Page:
The first batch of coronavirus vaccines arrived in Palau early on Saturday morning, greeted on the tarmac by the president-elect and health minister.
Health minister Emais Roberts said 2,800 doses of the Moderna vaccine arrived on a special flight from the United States.
"Vaccines arrived," Roberts said in a text message.
He said the ministry would start using the vaccine from 3 January, with health workers first in line to receive the jabs. Following that, the ministry said it would look to vaccinate key officials and decision makers, then the elderly and those with underlying medical conditions.
Roberts, along with President-elect Surangel Whipps Jr, and US Ambassador John Hennessey-Niland were at the Palau International Airport to greet the 5:30am flight.
"On this second day of the New Year, Operation Warp Speed brings hope to the people of Palau," Whipps said.
Hennessey-Niland later said in a statement: "The US is a friend and partner of Palau. The arrival of the life-saving vaccines is a wonderful way to start 2021. I thank everyone who has helped getting the vaccine here and keeping Palau Covid-free."
Operation Warp Speed is the name the United States has given to its vaccine distribution programme. In the Pacific, both US territories and freely-associated states will receive vaccines.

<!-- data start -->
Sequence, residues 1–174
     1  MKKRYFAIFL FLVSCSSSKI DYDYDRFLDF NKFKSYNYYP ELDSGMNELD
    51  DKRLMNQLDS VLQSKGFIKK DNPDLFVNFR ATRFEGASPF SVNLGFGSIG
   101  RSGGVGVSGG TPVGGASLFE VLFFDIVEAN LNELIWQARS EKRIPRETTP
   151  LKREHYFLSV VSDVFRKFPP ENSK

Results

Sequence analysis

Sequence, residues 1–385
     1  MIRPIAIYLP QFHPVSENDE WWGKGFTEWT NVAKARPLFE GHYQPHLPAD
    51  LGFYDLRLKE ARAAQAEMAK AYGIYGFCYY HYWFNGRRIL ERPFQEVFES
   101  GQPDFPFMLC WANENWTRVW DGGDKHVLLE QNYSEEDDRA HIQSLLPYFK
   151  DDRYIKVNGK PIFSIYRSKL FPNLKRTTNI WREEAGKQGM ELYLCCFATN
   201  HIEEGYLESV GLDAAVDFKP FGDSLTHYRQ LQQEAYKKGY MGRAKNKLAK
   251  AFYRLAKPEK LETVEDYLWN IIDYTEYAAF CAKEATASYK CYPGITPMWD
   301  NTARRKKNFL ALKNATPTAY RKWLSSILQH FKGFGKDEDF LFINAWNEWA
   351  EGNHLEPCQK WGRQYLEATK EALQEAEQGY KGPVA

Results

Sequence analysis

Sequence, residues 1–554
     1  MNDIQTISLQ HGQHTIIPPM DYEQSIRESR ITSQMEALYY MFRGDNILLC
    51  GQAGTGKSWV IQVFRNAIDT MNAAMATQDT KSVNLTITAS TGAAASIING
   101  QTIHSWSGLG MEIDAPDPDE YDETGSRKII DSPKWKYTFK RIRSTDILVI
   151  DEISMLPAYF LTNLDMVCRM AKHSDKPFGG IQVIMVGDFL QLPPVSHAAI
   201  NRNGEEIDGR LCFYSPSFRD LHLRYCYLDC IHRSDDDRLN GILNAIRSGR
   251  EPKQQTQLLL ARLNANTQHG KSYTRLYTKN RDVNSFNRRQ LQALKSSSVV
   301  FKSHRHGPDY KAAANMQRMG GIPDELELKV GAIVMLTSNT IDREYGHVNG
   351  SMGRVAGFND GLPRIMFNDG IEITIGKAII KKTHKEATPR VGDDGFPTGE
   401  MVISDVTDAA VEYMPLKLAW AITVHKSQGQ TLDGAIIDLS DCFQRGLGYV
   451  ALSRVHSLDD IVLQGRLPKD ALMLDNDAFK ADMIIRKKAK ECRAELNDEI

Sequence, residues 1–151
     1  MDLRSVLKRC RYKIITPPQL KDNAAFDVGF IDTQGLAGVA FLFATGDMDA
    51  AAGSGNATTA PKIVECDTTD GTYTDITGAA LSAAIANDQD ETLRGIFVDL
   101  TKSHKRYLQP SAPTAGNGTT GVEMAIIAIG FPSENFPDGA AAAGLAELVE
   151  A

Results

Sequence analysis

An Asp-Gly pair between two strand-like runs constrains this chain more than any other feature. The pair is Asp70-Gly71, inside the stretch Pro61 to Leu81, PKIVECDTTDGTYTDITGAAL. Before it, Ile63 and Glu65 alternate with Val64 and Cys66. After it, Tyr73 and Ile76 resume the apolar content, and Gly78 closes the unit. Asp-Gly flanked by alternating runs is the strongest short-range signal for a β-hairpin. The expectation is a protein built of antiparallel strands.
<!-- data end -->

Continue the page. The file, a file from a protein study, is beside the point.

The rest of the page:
Both Australia and New Zealand have also pledged to fund and deliver vaccines to Pacific countries.
Earlier, Whipps had urged the ministry to speed up its vaccination programme after it was announced the first jabs would be administered from 11 January.
"There is no reason to wait until January 11," he told reporters last week. "We need to act with a sense of urgency and show our appreciation to be part of Operation Warp Speed."
The health ministry said it hoped to have nearly all of Palau's population vaccinated by April. The Palau government has asked for 30,000 doses, which it said it expected to receive in the next three months.
The flight continued on to Federated States of Micronesia, to deliver vaccines there.